Understaffed health care workers battle Covid-19 across Russia
Covid-19 has spread through Russia. Now, shortages of protective equipment and accusations of underreporting, which Coda Story’s Ilan Greenberg and Katerina Fomina reported in March, are affecting institutions across the country.
From Perm to Omsk to Novosibirsk, understaffed health care facilities are struggling to keep infection rates down and adequately protect medical workers. In regional hospitals “the situation is much more difficult than in Moscow” said Anastasia Vasilyeva, head of the Doctors’ Alliance, an opposition-aligned trade union.
Her organization has called attention to the plight of medical workers around the country via an interactive map, which shows the locations of health worker fatalities due to Covid-19, currently numbering 573, as well as complaints the union has received regarding issues like unpaid salaries or lack of protective equipment.
The Doctors’ Alliance also says that many doctors who were infected with the virus have not received compensation they are legally due from hospitals, because they are required to prove that the infection occurred at their workplace.
In May, Elizaveta Antonova reported for Coda Story’s Russian edition on Sergey Sayapin, a doctor at a St. Petersburg hospital where staff reported having to buy their own gloves and reuse disposable protective suits until they broke.
Sayapin had contracted the virus and blamed personal protective equipment (PPE) shortages in the hospital where he worked. Recently, we learned that he lost his job shortly after filing paperwork requesting compensation.
“I don’t believe in conspiracies, but in this case how could you not?” he asked. “As soon as I started talking about the problems in the hospital — the lack of action from management, especially from the head doctor, the lack of protective equipment, the mess with payments — all of a sudden the necessary documents appeared and they quickly laid me off.”
A Human Rights Watch report from June documented reprisals faced by health workers and their union representatives for speaking publicly about unsafe working conditions.
During the pandemic, Vasilyeva, who has been outspoken in her criticism of the government’s Covid-19 response, has been detained by police, and last week her organization’s press secretary was abruptly pressed into military service.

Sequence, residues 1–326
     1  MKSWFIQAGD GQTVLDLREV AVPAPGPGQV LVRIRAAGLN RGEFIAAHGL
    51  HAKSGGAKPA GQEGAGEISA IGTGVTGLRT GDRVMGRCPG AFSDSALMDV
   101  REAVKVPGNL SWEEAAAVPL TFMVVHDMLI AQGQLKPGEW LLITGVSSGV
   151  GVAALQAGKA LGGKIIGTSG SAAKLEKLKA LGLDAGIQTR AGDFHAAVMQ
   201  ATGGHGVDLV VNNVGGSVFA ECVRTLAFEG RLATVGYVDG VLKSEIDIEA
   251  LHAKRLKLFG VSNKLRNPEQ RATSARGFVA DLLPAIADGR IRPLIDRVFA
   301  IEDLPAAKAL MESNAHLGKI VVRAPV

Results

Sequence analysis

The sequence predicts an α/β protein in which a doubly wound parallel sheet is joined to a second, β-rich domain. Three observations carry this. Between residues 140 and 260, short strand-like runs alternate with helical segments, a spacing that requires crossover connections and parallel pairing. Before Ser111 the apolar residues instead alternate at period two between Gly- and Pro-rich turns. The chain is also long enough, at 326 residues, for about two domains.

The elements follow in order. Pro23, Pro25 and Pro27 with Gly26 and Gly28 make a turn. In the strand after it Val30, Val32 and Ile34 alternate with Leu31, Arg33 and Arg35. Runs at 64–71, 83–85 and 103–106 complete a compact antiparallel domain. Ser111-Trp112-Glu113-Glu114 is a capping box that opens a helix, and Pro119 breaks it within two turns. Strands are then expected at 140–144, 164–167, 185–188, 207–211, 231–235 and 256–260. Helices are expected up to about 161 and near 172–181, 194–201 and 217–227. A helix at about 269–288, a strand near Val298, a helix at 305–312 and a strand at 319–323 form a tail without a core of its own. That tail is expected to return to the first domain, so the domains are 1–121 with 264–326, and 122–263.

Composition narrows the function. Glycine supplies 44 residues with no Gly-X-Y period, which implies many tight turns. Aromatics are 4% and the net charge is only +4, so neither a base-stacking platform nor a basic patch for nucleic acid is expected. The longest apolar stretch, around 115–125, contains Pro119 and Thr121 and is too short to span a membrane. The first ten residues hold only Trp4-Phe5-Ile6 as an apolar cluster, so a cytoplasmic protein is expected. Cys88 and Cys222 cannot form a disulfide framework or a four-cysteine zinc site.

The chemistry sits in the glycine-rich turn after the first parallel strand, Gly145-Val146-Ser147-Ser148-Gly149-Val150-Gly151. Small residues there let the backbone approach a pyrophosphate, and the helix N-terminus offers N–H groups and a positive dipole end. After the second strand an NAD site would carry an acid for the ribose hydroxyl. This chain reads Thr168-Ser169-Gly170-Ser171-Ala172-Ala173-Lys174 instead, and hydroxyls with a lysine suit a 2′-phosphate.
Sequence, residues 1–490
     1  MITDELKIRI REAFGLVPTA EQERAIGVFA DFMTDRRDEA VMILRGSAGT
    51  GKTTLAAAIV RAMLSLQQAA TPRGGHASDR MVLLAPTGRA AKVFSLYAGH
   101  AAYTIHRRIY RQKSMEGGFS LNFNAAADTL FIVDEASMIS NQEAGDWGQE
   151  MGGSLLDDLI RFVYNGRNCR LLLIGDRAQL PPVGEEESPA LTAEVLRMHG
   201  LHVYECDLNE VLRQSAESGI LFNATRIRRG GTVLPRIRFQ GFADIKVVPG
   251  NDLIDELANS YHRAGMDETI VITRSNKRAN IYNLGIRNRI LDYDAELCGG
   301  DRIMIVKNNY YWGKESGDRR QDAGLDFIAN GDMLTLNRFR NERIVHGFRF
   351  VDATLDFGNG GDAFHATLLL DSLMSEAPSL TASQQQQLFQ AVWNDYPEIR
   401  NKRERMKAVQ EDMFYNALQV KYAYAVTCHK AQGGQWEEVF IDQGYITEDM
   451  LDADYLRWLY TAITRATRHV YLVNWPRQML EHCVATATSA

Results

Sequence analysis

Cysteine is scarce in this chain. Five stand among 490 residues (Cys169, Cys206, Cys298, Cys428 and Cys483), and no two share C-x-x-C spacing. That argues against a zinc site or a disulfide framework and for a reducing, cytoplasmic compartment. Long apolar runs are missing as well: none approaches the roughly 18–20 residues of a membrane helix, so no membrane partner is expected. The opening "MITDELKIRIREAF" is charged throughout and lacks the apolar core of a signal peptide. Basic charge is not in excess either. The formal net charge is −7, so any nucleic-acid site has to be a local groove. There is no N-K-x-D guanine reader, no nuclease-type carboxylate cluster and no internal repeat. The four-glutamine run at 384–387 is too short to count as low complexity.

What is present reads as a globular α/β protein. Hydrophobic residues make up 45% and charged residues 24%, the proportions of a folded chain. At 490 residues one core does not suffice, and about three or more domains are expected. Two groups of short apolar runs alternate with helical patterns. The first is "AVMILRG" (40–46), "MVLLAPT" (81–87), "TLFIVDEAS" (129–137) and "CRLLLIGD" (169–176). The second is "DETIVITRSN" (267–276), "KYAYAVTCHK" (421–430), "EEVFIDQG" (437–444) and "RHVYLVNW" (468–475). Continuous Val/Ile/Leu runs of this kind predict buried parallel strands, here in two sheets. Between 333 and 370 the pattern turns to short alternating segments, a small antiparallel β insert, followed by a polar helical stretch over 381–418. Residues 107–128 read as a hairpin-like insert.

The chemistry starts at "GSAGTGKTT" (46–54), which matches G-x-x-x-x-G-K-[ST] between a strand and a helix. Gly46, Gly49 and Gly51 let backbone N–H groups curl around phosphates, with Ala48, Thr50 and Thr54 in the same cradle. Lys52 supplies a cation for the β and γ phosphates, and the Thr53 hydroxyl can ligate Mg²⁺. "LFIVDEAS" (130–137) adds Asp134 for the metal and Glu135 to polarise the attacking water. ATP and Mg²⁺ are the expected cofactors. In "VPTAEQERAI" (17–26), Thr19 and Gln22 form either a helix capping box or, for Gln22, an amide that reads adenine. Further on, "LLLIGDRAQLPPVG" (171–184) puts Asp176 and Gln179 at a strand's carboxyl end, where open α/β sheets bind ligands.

Meanwhile, health authorities continue to underreport Covid-19 deaths nationwide by not listing the virus as cause of death in cases where patients have died from complications of the disease. President Vladimir Putin, who recently won a constitutional referendum allowing him to remain in power by extending term limits, was criticized last month for abruptly lifting lockdown restrictions in time for a Victory Day parade.
Even according to officially reported numbers, Russia is ranked fourth in the world by total number of infections, after the U.S., Brazil, and India, with more than 6,000 new cases daily. But despite these grim statistics, “the messaging for Russians is now that they can freely go outside and go about their business — it’s as if Covid is over,” said Laura Mills, a Human Rights Watch researcher.
Mills said hospitals which were specifically designated as Covid-19 facilities have had some success acquiring PPE and medical equipment, often through charity drives. But with the advent of community transmission, ordinary hospitals cannot realistically keep out the virus — and, in terms of medical protections for health workers, “the situation in non-coronavirus hospitals is worse than the situation in coronavirus hospitals” said Vasilyeva.
Photo by Sefa Karacan/ Anadolu Agency Via Getty Images
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